California became the second state in the nation to legalize gay marriage by judicial fiat yesterday, but the court ruling will only heighten the political ramifications of the issue. In an election year, the debate will bring voters to the polls, and a referendum to amend the California constitution will do so in droves. Who wins in the rather remarkable circumstance of having the court decision highlight the ballot initiative? Already we see the presidential candidates carefully plotting their positions:
Democratic Sens. Barack Obama (Ill.) and Hillary Rodham Clinton (N.Y.) issued careful and nearly identical statements saying they support civil unions to protect the rights of same-sex couples. Both avoided taking a position on same-sex marriage, saying states should make such decisions.
Sen. John McCain‘s campaign said the Arizona Republican “supports the right of the people of California to recognize marriage as a unique institution sanctioning the union between a man and a woman.”
McCain, who last week decried judicial activism, “doesn’t believe judges should be making these decisions,” a spokesman added.
A different reaction came from California’s Republican governor, Arnold Schwarzenegger, who has twice vetoed legislation that would have allowed same-sex marriages.
“I respect the Court’s decision and as Governor, I will uphold its ruling,” he said in a statement. “. . . I will not support an amendment to the constitution that would overturn this state Supreme Court ruling.”
Schwarzenegger takes an absurd position in this stance. In one breath, he has supported legislation by judicial diktat while opposing direct democracy. If the people of California want to amend their constitution to define how government recognizes marriage, then elected officials should at least support that process and uphold the will of the people. The governor should have more interest in protecting the process of representative democracy through the proper determination of policy in the legislature and through referendums, and protecting the very processes that allow him to be engaged in policy formation, than in cheerleading for judicial activism.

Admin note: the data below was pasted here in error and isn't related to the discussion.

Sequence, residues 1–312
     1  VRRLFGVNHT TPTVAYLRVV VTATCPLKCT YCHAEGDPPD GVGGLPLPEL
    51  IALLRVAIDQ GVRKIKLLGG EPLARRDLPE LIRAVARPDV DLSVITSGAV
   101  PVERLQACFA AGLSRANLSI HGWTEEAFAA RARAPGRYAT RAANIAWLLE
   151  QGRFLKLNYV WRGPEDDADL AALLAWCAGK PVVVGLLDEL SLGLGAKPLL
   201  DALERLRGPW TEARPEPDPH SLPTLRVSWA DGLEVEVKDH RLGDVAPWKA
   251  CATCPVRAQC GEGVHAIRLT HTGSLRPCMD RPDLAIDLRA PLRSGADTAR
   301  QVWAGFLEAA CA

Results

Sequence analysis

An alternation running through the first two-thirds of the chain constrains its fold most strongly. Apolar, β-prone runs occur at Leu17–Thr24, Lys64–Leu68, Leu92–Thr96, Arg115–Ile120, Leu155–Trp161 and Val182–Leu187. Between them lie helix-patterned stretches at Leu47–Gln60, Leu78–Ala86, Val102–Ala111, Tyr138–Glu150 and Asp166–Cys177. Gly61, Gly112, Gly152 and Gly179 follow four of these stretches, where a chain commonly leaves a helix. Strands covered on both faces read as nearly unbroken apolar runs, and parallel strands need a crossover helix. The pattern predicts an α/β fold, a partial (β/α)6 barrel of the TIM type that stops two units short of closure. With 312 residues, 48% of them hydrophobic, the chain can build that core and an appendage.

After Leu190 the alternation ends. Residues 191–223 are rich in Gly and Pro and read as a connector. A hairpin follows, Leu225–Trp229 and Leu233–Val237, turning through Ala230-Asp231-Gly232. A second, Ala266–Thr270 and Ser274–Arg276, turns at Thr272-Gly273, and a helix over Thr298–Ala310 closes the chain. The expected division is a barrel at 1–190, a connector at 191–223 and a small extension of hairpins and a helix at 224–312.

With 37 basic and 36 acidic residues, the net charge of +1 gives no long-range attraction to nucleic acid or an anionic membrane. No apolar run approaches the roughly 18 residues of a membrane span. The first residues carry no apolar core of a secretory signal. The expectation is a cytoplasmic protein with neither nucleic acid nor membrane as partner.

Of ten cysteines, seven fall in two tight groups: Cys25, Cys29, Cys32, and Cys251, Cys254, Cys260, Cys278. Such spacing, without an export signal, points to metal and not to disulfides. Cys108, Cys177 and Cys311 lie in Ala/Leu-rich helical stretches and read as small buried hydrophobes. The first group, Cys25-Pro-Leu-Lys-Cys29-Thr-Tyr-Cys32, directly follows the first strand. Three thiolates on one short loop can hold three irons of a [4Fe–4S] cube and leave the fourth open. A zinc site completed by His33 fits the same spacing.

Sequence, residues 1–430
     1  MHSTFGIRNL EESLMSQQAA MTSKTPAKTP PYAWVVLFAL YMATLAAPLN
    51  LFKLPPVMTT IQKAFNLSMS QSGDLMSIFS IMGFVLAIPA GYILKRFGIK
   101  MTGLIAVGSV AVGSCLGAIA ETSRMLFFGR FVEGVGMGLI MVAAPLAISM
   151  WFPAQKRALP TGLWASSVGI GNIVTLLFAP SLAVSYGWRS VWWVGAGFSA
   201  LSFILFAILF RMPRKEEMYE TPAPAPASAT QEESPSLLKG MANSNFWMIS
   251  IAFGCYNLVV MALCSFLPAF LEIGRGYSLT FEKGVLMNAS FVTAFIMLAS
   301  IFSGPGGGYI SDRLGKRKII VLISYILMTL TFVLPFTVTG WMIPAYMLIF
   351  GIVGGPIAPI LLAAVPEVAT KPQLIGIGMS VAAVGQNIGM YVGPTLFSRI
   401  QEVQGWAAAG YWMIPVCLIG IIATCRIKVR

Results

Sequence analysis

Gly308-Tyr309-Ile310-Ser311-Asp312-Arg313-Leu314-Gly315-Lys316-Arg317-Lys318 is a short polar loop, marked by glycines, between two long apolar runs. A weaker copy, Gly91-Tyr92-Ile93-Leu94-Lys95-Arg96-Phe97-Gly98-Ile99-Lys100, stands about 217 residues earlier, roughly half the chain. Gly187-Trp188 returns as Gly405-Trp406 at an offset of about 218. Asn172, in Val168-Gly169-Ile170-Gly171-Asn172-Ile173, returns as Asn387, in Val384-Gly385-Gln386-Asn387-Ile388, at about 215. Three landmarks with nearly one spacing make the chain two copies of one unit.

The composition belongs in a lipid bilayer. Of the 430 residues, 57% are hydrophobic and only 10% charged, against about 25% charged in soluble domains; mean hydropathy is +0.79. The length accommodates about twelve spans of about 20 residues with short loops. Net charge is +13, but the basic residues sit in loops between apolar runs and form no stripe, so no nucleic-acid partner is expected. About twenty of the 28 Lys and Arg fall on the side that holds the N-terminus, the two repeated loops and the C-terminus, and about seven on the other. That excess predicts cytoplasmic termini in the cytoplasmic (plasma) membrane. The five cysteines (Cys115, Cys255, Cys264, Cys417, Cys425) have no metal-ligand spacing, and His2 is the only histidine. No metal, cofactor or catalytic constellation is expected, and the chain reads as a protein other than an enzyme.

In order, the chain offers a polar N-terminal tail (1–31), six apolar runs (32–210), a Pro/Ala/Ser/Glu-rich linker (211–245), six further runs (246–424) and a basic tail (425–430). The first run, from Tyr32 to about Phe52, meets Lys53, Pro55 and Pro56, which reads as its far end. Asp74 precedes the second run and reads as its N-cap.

Government recognition of marriage is a policy decision that should remain in the purview of the people. After all, no one argues that relationships require government sanction; two people can cohabitate without permission, as long as they’re consenting, unrelated adults. They can form contractual partnerships just like any two adults can, as long as the purposes remain legal. The argument in this case is for government sanction of the relationship as marriage — and as such is a public policy decision.
Had the people of California chosen to recognize gay marriage through legislation, I’d accept it — and in truth, I’d consider that a more rational policy than civil unions, which basically reproduce marriage with a different label. Government stopped being in the sacrament business at the moment it offered no-fault divorces. A civil-union contract has more binding power than does marriage these days. States would do best to leave the term “marriage” as an exclusive province of the churches and have all couples sign civil-union contracts instead, and let the individuals determine whether they feel “married” or not.
The two Democrats can’t bring themselves to say any of this, instead offering support for civil unions while trying their best not to annoy those clinging bitterly to their Bibles. While John McCain has the same position on civil unions, at least he understands the much greater issue of judicial activism better than Barack Obama, Hillary Clinton, or Arnold Schwarzenegger. This comes at a perfect time for McCain; he just delivered a speech on that very issue and highlighted the differences between himself and Obama, and this serves as a concrete example.
Could it help him win California in the fall? It’s possible but not terribly likely. The referendum will bring conservatives out in force this November, but it will also face a huge amount of opposition throughout the state and the intelligentsia. In truth, constitutional amendments usually make for bad policy; they act as sledgehammers when scalpels do better, and they’re difficult to reverse when necessary. Unfortunately, the court forced opponents of gay marriage into this tactic, and all will depend on whether they can get enough people to the polls.
The extent to which they do will benefit McCain without a doubt, and it could force the Democrats to spend a lot more time and money on the presidential race in the Golden State. They cannot afford to lose the massive Electoral College votes if they plan on winning the presidency. The Supreme Court probably just put California in play for the first time in 20 years.
Update: The Anchoress has a thoughtful take on the issue.